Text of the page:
Edu-Vacation: Educational Road Trips Now Trending in Family Vacations
Many states report that students’ learning is lagging behind owing to the current global health crisis, leading parents to seek extra-curricular educational opportunities for their kids. They are not only signing their kids up for more activities but also seeking to embrace educational travel opportunities. The New York Times deems “edu-vacations" to be one of the top trends of the year, quoting resort executives from across the globe who are noticing a big demand from parents for educational activities for their kids. Of course, you don’t need to book a fancy hotel or take a plane to learn more about the world around you. Instead, you can simply get in your car and enjoy a family road trip that will enlighten you on the many natural, cultural, and historical treasures that surround you. The following tips will ensure your vacation is safe, entertaining, and memorable.
Playing it Safe
Before deciding on an educational road trip, make sure that your car is in a good condition to drive for up to six hours a day without a hitch. Make sure all fuels are topped up and tires are in good condition and check how soon your next maintenance visit is due. If you have a partner or spouse, take turns driving so there is no risk of tiredness or sleepiness causing an accident. Keep distractions to a minimum by putting your smartphone on airplane mode so you don’t hear the tempting ‘ping’ of texts. Be on the lookout for signs of distracted driving. These include erratic braking, drifting, driving at the wrong speed for the road you are on, and drivers looking at cell phones.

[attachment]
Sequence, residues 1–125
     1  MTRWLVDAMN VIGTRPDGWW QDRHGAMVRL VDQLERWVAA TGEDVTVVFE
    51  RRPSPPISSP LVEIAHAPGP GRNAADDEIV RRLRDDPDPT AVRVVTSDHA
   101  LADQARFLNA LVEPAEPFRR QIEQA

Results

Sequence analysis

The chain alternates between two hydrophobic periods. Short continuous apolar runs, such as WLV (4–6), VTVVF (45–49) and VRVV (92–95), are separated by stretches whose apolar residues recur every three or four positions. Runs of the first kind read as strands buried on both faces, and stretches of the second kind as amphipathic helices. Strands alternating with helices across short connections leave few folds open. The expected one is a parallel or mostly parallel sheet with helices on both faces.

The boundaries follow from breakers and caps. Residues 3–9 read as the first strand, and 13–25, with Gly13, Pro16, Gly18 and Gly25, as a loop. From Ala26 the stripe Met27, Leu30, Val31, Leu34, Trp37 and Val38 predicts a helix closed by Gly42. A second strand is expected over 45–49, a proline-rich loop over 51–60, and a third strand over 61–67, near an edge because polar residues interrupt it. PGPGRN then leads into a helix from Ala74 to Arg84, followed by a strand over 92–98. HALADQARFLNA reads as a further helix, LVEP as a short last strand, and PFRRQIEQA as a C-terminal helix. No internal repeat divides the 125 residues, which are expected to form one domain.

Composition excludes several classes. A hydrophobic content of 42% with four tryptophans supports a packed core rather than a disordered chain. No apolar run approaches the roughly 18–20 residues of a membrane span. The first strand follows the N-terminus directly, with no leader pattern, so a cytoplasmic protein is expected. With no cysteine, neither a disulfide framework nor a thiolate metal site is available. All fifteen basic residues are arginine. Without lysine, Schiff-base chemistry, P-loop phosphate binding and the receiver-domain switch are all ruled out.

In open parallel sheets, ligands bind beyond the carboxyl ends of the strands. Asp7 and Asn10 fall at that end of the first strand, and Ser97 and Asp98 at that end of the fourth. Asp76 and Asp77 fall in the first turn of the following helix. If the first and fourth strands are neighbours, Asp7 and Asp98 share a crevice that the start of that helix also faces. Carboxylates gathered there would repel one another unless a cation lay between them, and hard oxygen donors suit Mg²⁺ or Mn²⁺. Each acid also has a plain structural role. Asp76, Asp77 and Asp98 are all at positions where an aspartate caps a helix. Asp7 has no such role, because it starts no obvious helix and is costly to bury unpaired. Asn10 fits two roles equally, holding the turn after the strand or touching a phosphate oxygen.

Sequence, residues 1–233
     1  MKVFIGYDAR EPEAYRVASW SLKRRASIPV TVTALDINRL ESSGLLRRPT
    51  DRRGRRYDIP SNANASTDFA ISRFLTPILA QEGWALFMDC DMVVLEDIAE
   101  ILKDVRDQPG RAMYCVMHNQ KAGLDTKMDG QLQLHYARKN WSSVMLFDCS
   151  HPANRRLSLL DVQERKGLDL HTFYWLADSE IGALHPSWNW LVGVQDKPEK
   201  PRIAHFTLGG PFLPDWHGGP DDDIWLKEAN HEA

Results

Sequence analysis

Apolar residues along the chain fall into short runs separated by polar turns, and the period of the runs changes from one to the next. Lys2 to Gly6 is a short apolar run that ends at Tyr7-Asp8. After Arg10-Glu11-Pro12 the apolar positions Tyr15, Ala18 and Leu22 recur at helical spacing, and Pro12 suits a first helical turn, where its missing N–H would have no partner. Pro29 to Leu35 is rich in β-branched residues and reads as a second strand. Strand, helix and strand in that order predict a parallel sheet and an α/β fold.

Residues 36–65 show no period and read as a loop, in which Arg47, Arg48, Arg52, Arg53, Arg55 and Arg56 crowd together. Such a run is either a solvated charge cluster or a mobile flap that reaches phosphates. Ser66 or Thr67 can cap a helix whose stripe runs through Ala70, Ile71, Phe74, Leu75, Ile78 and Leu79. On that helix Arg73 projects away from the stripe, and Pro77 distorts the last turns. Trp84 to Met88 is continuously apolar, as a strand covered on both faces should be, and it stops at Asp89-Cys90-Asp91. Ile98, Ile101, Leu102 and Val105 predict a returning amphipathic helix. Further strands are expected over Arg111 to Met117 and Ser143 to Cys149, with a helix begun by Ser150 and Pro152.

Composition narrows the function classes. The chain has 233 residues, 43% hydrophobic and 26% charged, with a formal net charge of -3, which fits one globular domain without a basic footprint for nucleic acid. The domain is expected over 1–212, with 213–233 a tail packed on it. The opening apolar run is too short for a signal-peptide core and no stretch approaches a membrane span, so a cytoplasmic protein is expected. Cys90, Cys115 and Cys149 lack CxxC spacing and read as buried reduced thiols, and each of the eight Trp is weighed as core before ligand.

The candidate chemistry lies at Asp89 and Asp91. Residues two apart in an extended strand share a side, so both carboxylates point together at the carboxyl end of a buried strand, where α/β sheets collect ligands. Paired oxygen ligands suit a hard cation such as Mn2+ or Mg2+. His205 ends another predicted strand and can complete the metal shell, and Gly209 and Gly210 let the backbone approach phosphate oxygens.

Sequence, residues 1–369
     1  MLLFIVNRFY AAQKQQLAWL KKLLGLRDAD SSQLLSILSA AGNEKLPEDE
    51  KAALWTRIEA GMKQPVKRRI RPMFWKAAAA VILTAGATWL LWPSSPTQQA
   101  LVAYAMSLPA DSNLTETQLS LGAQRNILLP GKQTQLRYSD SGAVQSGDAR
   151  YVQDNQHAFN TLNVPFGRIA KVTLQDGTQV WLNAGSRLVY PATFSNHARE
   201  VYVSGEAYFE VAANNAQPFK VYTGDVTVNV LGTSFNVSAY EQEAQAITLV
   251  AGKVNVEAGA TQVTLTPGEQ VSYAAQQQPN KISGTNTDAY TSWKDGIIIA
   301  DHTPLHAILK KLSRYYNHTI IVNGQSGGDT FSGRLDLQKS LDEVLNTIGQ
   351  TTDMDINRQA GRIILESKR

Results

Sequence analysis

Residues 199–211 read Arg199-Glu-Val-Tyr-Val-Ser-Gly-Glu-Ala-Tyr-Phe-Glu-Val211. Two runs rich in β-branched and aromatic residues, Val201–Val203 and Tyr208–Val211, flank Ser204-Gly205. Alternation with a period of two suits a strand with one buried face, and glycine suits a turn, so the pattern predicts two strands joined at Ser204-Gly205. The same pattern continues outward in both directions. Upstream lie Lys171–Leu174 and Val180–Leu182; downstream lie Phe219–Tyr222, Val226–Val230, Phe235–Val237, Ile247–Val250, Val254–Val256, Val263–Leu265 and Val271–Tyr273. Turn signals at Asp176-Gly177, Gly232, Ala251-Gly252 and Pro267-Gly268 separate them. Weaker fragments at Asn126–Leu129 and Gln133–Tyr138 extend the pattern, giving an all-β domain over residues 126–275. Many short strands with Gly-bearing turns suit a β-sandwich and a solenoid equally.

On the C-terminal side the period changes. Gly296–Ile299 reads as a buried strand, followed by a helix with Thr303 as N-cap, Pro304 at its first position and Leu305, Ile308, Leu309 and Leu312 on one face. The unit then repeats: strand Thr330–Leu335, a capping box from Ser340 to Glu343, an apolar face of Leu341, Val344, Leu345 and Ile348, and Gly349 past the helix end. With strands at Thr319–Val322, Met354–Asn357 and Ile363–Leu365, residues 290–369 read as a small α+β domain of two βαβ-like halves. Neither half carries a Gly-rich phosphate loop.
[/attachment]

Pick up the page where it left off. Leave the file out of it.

Making a Bucket List with Your Kids
All children have a greater interest in specific subjects. To make your edu-vacation more appealing to them, let everyone pick one museum or gallery on your route. Some of the most fascinating museums for kids include the Franklin Institute in Philadelphia (featuring interactive exhibits, live science shows, and an observatory), the National World War II Museum in New Orleans (featuring interactive train rides and information on important battles that changed the course of the War), and The Evergreen Aviation & Space Museum in McMinnville, Oregon (which is home to Howard Hughes’ Spruce Goose airplane). Check out the list of activities and exhibits that will be on during your visit so that your little ones can start feeling excited about what lies ahead.
Tie the Trip to Your Kids’ Curriculum
Everyone can choose at least one destination, so why not select destinations and activities that will enhance your kids’ learning? You can easily access lists of the typical subjects children study at specific ages. For instance, kindergarten-aged kids learn about physical earth, and life sciences, with topics including heat and light, learning the color, shape, and texture of things, knowing the basic structure of common plants and animals, observing patterns, and drawing common natural objects such as leaves and flowers. You may have noticed that this list is wide and that you don’t need to be in a museum to talk about, experiment, and experience most of them. Make sure that your kids have a good balance of culture and nature, taking them to green and blue spots where they can learn more about the Great Outdoors from up-close.
The New York Times deems edu-vacations to be one of the biggest trends caused by the pandemic. The best thing about learning is that you can do so at home or by taking a road trip to a nearby destination. To make it fun for your kids, let them have a say in the places you visit. To make it useful for them, combine the activities they choose with those that delve into subjects from their official curriculum.
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